Monstra Niliaca, in Ulisse Aldrovandi, Opera omnia. XI Monstrorum historia cum paralipomenis historiae omnium animalium, Bologna, N. Tebaldini, 1642, p. 354. [Leiden University Library, 655 A 13]


Monstrous Whales

While monstrous whales had been described since Antiquity, the sixteenth century generated an unprecedented variety of such creatures. Little knowledge on whales had been gathered during Antiquity and the Middle Ages, and often monstrous proportions and strength were attributed to these animals. For unknown reasons, in the second half of the sixteenth century whales beached more frequently than usual on European shores. Around the same time whaling increased. As a result, knowledge expanded, but up until then accurate depictions and descriptions were scarce and the line between whale and monster remained difficult to draw. The Swedish chronicler Olaus Magnus published depictions of monstrous whales based on folklore on his 1539 map of Scandinavia Carta marina et descriptio septentrionalium terrarium and in his 1555 chronic of Scandinavia Historia de gentibus septentrionalibus, which became instantly popularThe creatures shown on the map of Iceland from the Antwerp cartographer Abraham Ortelius’s atlas Theatrum orbis terrarum (1570) are based on Magnus’s monsters. The map shows ten monstrous whales, with claws that resemble those of terrestrial animals.

Islandia, in Abraham Ortelius, Theatrum orbis terrarum, Antwerp, s.n., 1570. [Leiden University Library, COLLBN Atlas 43: 1]


Man-Made Monsters

Basilisks were first described in Antiquity as dangerous serpents and acquired new characteristics in later centuries. By the late Middle Ages they had become winged monsters, born as the result of a bizarre sequence of events, which could kill anyone by looking at them. During the Early Modern period basilisk-like monsters were manufactured out of rays. The scholar Ulysse Aldrovandi describes two such creations as basilisks, while others are described as winged snakes or dragons. In 1558 the Swiss scholar Conrad Gessner (1516–1565) explained, in his encyclopaedia of animals Historia animalium, how these were made, by twisting, cutting and drying a ray. He complains that the man-made monsters were passed off as real to impress the masses and were often exhibited in apothecary shops. However, they were also part of scholarly naturalia collections. Aldrovandi collected several and described no fewer than five in his Serpentum et draconum historiae (1640) and De piscibus et de cetis (1623).

Winged snake, in Conrad Gessner, Nomenclator aquatilium animantium icones animalium aquitilium in mari et dulcibus aquis degentium, Zürich, C. Froschauer, 1560, p. 139. [Leiden University Library, 665 A 9]


Draco ex Raia effictus, in Ulysse Aldrovandi, Opera omnia. X: Serpentum et draconum historiae libri duo, Bologna, N. Tebaldini 1640, p. 315. [Leiden University Library, 655 A 12]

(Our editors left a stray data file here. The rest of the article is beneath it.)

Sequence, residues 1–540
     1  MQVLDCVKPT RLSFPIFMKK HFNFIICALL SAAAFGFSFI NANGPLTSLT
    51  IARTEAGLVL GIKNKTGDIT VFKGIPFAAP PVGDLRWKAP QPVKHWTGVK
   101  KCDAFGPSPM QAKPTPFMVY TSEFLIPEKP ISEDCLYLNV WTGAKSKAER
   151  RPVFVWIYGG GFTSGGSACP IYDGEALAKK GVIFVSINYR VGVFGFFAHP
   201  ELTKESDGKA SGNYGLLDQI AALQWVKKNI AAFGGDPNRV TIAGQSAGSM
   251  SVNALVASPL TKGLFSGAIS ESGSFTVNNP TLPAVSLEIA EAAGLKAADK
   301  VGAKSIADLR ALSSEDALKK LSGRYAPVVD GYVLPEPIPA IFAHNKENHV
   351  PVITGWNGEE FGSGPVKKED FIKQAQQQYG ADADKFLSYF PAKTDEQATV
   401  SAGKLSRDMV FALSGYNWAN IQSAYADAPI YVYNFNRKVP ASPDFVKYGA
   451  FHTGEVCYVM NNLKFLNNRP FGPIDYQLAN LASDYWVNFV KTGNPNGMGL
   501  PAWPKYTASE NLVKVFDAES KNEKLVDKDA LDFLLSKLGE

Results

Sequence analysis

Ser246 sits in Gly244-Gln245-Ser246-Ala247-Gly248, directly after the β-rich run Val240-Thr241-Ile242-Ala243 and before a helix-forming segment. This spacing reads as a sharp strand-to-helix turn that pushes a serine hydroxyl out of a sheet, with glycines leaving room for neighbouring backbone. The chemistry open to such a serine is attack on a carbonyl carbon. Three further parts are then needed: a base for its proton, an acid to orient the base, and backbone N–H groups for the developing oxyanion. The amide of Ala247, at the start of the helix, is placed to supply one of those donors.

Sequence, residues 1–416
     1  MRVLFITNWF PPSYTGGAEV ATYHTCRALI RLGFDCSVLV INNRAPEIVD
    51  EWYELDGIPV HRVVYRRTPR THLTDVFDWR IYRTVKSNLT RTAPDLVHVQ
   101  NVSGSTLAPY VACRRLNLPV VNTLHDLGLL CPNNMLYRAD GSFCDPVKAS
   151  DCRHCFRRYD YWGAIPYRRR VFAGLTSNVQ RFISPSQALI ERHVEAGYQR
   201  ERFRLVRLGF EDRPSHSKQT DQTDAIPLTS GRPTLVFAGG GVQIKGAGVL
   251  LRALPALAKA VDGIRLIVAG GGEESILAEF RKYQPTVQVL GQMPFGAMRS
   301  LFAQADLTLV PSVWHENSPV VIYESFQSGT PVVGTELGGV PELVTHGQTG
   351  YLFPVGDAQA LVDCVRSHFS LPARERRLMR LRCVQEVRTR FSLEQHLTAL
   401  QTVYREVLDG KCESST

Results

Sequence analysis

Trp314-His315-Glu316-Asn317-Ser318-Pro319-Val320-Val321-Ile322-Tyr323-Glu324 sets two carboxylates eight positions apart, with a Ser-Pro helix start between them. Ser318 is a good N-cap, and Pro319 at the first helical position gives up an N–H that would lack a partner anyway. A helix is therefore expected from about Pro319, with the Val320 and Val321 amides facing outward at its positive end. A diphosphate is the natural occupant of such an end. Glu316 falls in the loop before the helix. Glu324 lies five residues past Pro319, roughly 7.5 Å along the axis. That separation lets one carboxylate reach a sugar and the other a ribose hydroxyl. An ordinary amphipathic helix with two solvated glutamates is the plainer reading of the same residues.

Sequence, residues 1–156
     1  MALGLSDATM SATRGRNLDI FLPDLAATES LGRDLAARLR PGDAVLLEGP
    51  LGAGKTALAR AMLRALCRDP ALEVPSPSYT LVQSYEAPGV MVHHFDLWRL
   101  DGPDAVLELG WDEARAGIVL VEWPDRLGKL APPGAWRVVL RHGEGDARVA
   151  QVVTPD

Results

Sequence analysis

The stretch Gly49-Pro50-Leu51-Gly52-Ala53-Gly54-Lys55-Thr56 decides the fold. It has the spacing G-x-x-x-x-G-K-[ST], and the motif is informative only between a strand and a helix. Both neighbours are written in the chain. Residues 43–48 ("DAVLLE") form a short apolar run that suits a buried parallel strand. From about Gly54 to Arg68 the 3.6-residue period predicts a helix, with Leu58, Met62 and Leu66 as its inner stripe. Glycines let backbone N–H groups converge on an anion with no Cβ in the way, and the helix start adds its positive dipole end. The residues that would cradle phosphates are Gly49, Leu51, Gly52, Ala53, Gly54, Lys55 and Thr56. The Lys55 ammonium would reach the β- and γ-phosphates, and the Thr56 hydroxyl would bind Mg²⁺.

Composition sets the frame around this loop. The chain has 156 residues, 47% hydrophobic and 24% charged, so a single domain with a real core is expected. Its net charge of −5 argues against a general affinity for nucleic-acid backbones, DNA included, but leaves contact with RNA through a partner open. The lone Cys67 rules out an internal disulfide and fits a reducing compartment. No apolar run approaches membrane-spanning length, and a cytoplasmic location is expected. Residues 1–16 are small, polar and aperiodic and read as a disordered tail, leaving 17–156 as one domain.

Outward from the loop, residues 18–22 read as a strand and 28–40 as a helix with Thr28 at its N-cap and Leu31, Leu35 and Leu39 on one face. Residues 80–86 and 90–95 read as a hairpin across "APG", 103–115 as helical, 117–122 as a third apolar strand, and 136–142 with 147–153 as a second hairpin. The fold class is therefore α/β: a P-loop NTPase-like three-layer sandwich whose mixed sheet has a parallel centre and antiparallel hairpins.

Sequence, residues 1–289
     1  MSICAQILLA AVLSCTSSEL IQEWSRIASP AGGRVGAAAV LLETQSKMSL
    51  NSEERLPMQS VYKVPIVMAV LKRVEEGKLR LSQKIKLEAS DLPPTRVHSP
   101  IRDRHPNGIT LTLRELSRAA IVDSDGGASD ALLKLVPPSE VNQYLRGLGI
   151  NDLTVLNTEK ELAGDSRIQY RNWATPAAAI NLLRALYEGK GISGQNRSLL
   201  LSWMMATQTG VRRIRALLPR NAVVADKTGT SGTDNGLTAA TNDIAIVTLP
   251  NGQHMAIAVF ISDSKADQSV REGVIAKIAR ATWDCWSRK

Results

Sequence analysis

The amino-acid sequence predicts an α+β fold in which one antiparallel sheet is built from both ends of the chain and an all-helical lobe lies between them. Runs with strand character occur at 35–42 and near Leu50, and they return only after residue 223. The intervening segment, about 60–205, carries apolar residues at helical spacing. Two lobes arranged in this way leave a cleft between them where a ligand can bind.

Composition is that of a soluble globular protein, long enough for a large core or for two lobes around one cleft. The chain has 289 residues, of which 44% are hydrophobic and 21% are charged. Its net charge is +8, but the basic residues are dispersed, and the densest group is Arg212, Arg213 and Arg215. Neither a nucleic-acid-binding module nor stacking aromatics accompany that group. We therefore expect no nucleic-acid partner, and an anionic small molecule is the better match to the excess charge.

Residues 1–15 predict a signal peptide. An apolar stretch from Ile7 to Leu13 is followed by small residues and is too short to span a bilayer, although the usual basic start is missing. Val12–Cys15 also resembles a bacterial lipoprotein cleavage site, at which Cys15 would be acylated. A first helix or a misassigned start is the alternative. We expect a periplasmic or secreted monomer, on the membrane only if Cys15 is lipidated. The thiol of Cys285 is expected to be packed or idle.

The Sea-Unicorn and the Narwhal

First reports of the unicorn date back to the fourth century BC, when the scholar Ctesias described a one-horned horse which he had heard about. The legend subsequently spread through the work of Aristotle and other scholars. In addition, a mistranslation in the bible gave the impression that the unicorn was mentioned in the Old Testament. Scholars of the Middle Ages and first half of the Early Modern period consequently had good reason to believe in unicorns. The assumption that animals on land have aquatic counterparts, meant that the existence of a sea-unicorn was also widely accepted. Believed to neutralise poison, what was sold as unicorn horn fetched exorbitant prices. In the sixteenth century scholars began to suspect that these ‘horns’ were in fact narwhal teeth. The collector Ole Worm published a treaty on this subject in 1638. The discovery quickly became common knowledge and inspired the depiction from Pierre Pomet’s Histoire generale des drogues, published in 1694, of a sea-unicorn and narwhal side by side. However, rather than diminishing belief in the medical properties of the horns, this led many to belief that the narwhal was in fact the sea-unicorn. The last recorded use of unicorn horn in folk medicine took place in the nineteenth century.

Licorne de Mer, in Pierre Pomet, Histoire generale des drogues, traitant des plantes, des animaux, et des mineraux, Paris, J.-B. Loyson, etc.,1694, p. 78. [Museum Boerhaave Library, BOERH e 2459 a]


Modern Sea-Monsters

Certain sea-monsters have proved surprisingly durable. The depiction of a giant sea serpent published by the Dutch zoologist Anthonie Oudemans in 1892, is not unlike many depicted in mosaics from Antiquity or in books from the Middle Ages and Early Modern period. Towards the end of the nineteenth century sightings of this mythical creature were still reported with such regularity that Oudemans was able to collect nearly two hundred reports over the course of three years. Applying what is known as a crypto-zoological approach, in the absence of empirical evidence, Oudemans used the quantity of sightings as an argument that the giant sea serpent was an existing species. He proposed the scientific name Megophias megophias for the yet to be discovered creatureOudemans received a lukewarm reaction from the academic world, where both cryptozoology and the existence of sea-monsters were considered controversial. Nonetheless, The Great Sea Serpent was published by reputable academic publishers. As Oudemans pointed out, the fact that a sea-monster has not yet been discovered does not prove it does not exist.